Instituted in 2007 by the Encouragement Foundation at Harding University in Searcy, Arkansas, today’s holiday entreats us to cheer on our friends, coworkers, and even those we don’t know as they attempt to reach goals or start new endeavors. A pat on the back, a simple “you can do it!,” or a reassuring “great job!” boosts people’s self-confidence and makes the world a happier place.

Tough Cookie

Written by Kate Louise | Illustrated by Grace Sandford

 

Although one gingerbread man in the bakery looks like all the others, there is one important difference. Yes, the batter had “eggs and cinnamon and flour and butter and sugar—but wait! The baker forgot to add the ginger!” Without this signature ingredient the gingerbread man just doesn’t feel like a gingerbread man at all. In fact his whole life has been turned upside down. He’s different from his friends, and what’s worse, he can’t be sold. Instead, he lives in the back of the bakery  and in his sadness makes all kinds of mischief.

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Image copyright Grace Sandford, text copyright Kate Louise, courtesy of Sky Pony Press

The gingerbread man chases the cat, splatters icing on other cookies, and squirts icing on the walls. “‘I need that for my cupcakes!’” the baker yells, but the gingerbread man just laughs. He moves on to the decorative candies, stuffing them in his mouth as fast as he can even though the baker needs them for his other treats and stands by tapping his foot. Next the gingerbread man scatters sprinkles all over the counter and slips and slides along on his belly—“‘woohoo!’” But the baker is not amused. “‘I need those for the donuts!’” he shouts.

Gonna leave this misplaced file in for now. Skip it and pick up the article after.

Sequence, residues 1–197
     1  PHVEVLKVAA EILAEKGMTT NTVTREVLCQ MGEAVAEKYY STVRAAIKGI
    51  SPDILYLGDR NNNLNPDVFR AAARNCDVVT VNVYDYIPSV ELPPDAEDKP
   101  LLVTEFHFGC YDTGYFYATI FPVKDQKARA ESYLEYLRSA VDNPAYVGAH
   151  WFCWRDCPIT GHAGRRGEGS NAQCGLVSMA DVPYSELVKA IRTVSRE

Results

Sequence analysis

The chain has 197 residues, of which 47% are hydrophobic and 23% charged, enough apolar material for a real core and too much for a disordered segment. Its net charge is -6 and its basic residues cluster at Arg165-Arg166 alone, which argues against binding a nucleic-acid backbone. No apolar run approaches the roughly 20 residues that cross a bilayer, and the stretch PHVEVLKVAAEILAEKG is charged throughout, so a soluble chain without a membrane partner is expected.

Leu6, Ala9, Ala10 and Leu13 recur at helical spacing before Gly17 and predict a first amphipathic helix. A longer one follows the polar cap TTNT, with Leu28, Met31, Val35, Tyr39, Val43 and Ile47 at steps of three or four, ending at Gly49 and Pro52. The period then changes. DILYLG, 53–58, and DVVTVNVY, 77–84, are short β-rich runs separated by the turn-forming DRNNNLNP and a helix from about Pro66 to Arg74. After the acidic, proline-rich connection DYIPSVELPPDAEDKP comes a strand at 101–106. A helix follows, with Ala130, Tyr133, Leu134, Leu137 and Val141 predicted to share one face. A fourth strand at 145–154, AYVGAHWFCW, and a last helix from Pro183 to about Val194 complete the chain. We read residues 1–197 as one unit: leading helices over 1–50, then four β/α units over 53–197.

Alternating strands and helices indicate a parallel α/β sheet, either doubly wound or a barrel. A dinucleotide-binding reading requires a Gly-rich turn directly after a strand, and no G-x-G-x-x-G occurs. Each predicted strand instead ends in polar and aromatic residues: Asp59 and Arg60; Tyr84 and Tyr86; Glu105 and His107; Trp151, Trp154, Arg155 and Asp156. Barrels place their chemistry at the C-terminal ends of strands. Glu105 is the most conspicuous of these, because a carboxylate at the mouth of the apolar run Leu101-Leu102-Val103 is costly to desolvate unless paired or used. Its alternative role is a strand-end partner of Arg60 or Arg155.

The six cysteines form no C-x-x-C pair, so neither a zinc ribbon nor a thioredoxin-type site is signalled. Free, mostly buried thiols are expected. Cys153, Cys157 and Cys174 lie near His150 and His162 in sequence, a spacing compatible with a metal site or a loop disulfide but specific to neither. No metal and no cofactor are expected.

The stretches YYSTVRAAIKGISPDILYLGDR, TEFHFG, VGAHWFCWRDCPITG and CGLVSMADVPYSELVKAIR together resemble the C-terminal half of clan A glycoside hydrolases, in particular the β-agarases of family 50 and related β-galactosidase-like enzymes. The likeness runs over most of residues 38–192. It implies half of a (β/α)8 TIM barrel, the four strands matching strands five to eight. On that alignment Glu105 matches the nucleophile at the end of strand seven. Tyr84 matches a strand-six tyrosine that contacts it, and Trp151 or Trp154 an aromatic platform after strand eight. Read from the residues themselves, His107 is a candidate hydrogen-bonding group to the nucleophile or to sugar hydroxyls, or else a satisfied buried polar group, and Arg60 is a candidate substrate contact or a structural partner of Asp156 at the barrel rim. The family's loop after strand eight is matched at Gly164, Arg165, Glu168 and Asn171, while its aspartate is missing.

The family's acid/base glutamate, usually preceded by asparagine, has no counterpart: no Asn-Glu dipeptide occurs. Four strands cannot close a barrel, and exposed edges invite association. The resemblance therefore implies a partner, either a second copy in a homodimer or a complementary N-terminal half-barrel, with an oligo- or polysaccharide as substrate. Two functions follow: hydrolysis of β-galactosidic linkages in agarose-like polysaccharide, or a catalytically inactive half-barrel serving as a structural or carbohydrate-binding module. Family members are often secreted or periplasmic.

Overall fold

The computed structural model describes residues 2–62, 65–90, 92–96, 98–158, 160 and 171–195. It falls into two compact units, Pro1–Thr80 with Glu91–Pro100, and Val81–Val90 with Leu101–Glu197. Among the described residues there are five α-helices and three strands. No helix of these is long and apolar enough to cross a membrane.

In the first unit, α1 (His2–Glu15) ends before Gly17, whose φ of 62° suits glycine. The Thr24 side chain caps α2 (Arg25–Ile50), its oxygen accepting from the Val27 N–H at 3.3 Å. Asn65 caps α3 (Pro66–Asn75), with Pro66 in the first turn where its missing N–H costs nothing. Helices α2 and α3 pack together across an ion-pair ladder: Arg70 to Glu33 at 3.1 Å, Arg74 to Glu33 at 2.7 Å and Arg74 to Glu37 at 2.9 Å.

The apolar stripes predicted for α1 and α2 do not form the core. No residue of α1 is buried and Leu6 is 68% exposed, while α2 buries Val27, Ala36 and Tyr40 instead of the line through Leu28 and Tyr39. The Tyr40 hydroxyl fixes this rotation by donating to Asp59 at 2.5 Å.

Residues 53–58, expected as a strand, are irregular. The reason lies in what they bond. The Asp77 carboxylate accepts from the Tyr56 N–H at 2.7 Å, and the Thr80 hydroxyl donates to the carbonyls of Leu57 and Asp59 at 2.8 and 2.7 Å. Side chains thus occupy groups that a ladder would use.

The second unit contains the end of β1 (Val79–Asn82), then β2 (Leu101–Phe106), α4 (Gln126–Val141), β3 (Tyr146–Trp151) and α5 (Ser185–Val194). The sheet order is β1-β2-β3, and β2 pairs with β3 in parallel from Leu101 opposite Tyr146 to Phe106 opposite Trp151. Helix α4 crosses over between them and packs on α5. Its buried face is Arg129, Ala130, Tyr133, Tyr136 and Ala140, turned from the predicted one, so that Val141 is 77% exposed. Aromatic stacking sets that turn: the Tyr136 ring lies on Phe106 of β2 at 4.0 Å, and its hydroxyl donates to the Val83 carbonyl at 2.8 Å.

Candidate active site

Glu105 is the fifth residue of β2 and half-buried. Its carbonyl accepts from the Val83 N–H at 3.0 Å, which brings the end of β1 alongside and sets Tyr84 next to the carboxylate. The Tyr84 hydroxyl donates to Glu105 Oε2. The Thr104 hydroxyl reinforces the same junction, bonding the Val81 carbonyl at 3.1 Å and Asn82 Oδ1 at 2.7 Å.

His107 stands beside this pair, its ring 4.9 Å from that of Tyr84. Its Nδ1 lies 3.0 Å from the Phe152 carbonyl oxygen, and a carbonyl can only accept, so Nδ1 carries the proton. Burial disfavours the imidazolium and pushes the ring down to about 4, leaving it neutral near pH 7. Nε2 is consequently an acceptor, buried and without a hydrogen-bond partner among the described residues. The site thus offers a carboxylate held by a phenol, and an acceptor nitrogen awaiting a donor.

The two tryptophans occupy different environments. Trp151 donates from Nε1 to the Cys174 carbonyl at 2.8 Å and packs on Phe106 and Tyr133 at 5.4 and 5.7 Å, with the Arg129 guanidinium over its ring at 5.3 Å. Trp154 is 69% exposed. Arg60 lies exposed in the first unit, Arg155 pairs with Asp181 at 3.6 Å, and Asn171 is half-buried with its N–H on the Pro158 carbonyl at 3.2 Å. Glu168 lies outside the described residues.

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Image copyright Grace Sandford, text copyright Kate Louise, courtesy of Sky Pony Press

Finally, the baker has had enough. Not only is the gingerbread man upsetting the other gingerbread men and women, he is ruining the business. The baker orders the gingerbread man to leave the store. But this is one gingerbread man that does not want to run away. “‘I don’t want to leave!’” he cries. The baker relents. He takes the little cookie in hand and teaches him that even though he is missing an ingredient he can still be kind. The baker shows him by being nice he can become one of the group. 

Now, the little gingerbread man is happy. Instead of gobbling up all the candy, he helps create the other cookies. He no longer shoots icing on the walls or flings sprinkles around the kitchen. Rather, he helps the baker decorate the cupcakes and the donuts. He’s even learned how to sift flour and roll out dough, and he uses the cookie cutter to make new friends. And he never forgets to add the ginger!

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Image copyright Grace Sandford, text copyright Kate Louise, courtesy of Sky Pony Press

In her sweet story, Kate Louise reminds readers that true happiness comes from within and that each person can decide for themselves how to perceive the world around them. While each of us is human, we all have different ingredients that make us unique. We can use those qualities to be kind and make positive changes in the world. Kids will recognize and giggle at the mischief the little gingerbread man makes with icing and sprinkles, but will also realize that friendships are built by using that same energy to help others. Sometimes tough cookies are actually softies at heart.

Grace Sandford’s bakery gleams with the golden hues of fresh-baked bread, the festive colors of sprinkles and icing, and the sparkle of sugar. Kids will love the vibrant pictures of cupcakes; lollypops; stacks of cakes, donuts, and candy; and decorated gingerbread houses surrounded by cookie forests. Her expressive gingerbread men and women register dismay at the wayward gingerbread man’s shenanigans and joy at his kindness. And the hero of the story? When he leaves behind his impish pranks he becomes a charming baker’s companion, sifting clouds of flour, running on the rolling pin to flatten dough, and passing out sugar-shiny gumdrop buttons to his new friends.

Young children will ask for this fun and funny read over and over. Tough Cookie makes an especially delicious accompaniment to an afternoon of baking or decorating gingerbread houses!

Ages 3 – 6

Sky Pony Press, 2015 | ISBN 978-1634501972